The idea that Robby is part vacuum cleaner (the head) part washing machine (the body) but with arms and legs that can clearly be defined as parts of the body helps explain why Robby is so appealing. Because he “looks” like humans we understand how to gage his movements or gestures and what they mean. It makes the robot seem more real.

The fact that the robot was really a suit worn by a human shows just how human-like Robby was, despite being so complex in design and engineering. I think the comment made in the video clip – that finding out that Robby wasn’t really a working robot was like finding out that Santa Claus isn’t real – says it all. Robby set a standard of expectation for a generation of children/teens about what robots could and should be.

I think that this image of the robotic man has continued to permeate pop culture, so that even today more than 50 years since Robby was designed, we all still want a robot butler. It can be hard to accept that even though Robby seemed so real, it was really just a suit worn by an actor. We still don’t have robots so human-like that they can think for themselves or act the way that Robby does – and we probably won’t in my lifetime. But that doesn’t mean that today’s robots aren’t still useful and cool in their own right. We just have to be realistic about the capabilities of engineering – and learn to accept that a robot like Robby still exists only in the movies.

Not Who You Say You Are: Is "Ambush Journalism" A Good Tactic?

From NPR CEO Ron Schiller to Governor of Wisconsin Scott Walker these days no public figure is safe from so called Ambush Journalism. The LA Times recently ran an article on what seems to be an emerging trend – the gathering of information by pretending to be someone else. Essentially, misleading the target of your investigation by not disclosing who you are, or what information you are after and then publishing the video or audio recording.

In the case of Ron Schiller and Scott Walker the public devoured these recordings, causing if nothing else embarrassment and a lot of hoopla. But is this method of trapping people when they think they are off the record effective? The LA Times’ James Rainey argues that it isn’t, because even though the recordings aren’t exactly flattering they are A. easily manipulated and B. don’t always produce the intended result.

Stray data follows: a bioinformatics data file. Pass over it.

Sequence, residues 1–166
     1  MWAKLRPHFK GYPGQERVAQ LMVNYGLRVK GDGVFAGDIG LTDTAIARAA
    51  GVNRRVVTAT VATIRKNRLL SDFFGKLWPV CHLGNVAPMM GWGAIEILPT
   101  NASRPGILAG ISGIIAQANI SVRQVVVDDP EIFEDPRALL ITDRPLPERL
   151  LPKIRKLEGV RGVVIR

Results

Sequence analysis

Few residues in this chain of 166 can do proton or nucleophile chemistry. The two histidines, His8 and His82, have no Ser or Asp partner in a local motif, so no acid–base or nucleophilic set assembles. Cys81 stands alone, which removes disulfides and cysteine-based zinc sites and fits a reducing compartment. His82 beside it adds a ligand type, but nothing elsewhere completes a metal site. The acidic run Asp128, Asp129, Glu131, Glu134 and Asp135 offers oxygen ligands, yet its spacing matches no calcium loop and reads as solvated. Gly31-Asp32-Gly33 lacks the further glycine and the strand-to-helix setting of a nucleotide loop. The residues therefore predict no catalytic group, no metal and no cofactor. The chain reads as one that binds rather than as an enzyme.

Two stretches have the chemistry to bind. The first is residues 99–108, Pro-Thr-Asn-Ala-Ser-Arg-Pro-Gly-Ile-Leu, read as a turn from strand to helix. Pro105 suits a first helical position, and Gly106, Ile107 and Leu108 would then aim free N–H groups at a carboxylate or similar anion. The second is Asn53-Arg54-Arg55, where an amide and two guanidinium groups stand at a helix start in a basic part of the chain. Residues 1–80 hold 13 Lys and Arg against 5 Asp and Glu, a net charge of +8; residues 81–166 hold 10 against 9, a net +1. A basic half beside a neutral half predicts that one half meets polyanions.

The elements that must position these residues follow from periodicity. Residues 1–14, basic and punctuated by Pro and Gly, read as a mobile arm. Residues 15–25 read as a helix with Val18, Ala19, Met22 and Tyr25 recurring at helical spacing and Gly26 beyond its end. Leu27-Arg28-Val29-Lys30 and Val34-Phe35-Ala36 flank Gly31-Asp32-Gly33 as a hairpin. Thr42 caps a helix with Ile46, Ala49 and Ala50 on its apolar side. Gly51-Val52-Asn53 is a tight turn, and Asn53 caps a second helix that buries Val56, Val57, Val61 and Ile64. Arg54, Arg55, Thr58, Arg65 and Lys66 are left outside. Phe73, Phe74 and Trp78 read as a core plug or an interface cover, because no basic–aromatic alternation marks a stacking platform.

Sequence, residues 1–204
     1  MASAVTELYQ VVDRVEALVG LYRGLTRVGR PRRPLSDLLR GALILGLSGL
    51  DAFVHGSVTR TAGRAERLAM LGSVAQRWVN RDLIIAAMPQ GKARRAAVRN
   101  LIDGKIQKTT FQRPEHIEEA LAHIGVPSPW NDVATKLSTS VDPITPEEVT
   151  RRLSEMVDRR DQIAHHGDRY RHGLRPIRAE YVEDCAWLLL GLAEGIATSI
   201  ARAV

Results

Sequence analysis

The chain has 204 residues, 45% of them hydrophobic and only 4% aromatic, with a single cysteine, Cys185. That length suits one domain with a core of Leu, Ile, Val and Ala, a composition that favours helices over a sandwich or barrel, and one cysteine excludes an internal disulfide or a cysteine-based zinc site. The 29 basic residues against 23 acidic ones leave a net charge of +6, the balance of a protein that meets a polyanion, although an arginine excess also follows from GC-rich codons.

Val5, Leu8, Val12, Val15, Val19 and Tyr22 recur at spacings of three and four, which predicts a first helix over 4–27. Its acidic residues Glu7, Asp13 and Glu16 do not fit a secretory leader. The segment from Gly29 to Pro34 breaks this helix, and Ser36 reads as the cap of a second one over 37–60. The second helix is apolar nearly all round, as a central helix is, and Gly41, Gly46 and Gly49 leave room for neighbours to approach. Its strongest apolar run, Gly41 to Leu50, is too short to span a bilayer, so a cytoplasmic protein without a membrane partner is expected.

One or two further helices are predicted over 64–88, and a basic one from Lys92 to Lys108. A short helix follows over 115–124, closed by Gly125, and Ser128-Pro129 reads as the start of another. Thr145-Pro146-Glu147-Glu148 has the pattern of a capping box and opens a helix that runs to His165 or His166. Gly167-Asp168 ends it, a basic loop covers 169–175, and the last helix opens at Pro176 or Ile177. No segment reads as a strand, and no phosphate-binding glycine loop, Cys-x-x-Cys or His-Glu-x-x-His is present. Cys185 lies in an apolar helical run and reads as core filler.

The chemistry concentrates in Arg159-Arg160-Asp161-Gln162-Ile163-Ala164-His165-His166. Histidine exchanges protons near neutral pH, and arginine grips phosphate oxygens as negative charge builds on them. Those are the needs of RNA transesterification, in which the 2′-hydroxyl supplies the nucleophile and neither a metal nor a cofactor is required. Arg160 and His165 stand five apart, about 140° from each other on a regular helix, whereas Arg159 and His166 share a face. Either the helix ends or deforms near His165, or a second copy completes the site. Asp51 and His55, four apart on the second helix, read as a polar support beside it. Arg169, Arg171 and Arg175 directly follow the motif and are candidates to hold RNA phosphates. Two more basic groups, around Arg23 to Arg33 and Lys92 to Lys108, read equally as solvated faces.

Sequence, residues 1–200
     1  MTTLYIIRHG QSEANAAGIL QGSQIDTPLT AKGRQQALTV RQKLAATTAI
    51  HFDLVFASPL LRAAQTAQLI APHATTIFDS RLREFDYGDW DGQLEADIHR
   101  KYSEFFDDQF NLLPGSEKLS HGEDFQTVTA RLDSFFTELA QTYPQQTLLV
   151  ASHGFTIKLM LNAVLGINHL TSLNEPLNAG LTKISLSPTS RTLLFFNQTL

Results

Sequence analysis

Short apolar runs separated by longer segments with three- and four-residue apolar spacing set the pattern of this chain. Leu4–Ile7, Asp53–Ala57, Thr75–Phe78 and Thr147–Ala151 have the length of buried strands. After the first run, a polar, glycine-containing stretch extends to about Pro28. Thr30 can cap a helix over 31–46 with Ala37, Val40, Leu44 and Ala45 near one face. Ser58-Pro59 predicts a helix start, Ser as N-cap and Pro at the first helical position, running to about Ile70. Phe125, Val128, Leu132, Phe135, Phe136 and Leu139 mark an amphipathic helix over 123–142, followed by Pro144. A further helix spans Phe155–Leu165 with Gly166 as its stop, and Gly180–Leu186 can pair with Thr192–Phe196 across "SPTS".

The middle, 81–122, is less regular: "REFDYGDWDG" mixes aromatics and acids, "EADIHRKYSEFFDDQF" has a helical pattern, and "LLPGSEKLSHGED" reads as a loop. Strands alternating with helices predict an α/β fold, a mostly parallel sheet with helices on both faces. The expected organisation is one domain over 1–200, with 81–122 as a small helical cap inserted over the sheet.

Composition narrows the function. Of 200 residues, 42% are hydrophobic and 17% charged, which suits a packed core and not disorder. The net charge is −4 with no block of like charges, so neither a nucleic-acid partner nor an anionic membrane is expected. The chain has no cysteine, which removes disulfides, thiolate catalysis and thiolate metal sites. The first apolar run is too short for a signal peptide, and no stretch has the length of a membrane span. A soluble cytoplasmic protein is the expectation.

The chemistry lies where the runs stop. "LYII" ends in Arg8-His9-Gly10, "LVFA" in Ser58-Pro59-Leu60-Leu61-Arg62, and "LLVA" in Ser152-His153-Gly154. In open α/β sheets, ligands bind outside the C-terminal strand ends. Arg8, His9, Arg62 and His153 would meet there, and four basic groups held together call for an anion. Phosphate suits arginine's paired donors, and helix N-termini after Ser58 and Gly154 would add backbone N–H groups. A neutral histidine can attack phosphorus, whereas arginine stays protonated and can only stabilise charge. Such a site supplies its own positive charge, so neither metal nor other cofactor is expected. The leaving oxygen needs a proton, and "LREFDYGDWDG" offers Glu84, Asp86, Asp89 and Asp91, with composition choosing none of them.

Rainey calls ambush journalism, “secret recordings and ham acting designed to draw out the worst in others.” In the case of Ron Schiller, Rainey (and NPR itself) argues that the tape show the NPR fundraiser towing the line between the organization’s journalistic activities and their fundraising activities by insisting that that NPR doesn’t bend its coverage to suit financial donors. According to Rainey, the tape succeeded in taking down Schiller because he also made statements about liberals being more intelligent and the Republican party being full of gun-loving extremists.

But not all ambush journalism is successful in taking down a target. Wisconsin Governor Scott Walker has been a media target due to his attack on union bargaining rights and the subsequent protests at the capitol for the last month. Blogger Ian Murphy called Walker in February and claimed to be Republican campaign donor David Koch. Murphy was able to get Walker to admit that he considered planting trouble makers into the crowd of protestors, but they never actually did.

Really all Murphy accomplished was making Walker look arrogant, the phone call hoax just served to get the already over exposed governor into the media even more. All this makes me wonder if trying to trap targets by pretending to be a friend or ally when really you are trying to get them on record saying something incriminating is a good direction for investigative journalism to be heading.

Journalism is supposed to be about transparency. I believe journalists need to admit who they are and their affiliation. Even citizen journalists who intend to gather information and disseminate what they find out need to be honest about who they are. I don’t think there is a clear sense of right and wrong when a lie is exposed by a lie. But is there still room for morality and right vs. wrong in journalism these days?

Is the only way to get the “real” story to lie about who you are? I don’t think so. I think good investigative journalism, reporting, and writing can turn up the facts and paint a clear picture of a person or issue without having to trick them into saying something incriminating.

Maybe I’m idealistic but I don’t think you have to tell lies to get to the truth. I think if there is something incriminating to be found, hitting the books, checking the paper trail and following through with as many sources of possible will turn up the same information you might get out of trapping a target with an audio or video recording. I think ambush journalism is only necessary when we stop putting in the time it takes to be real reporters. If you have to trick people into talking to you – you just aren’t creating good journalism.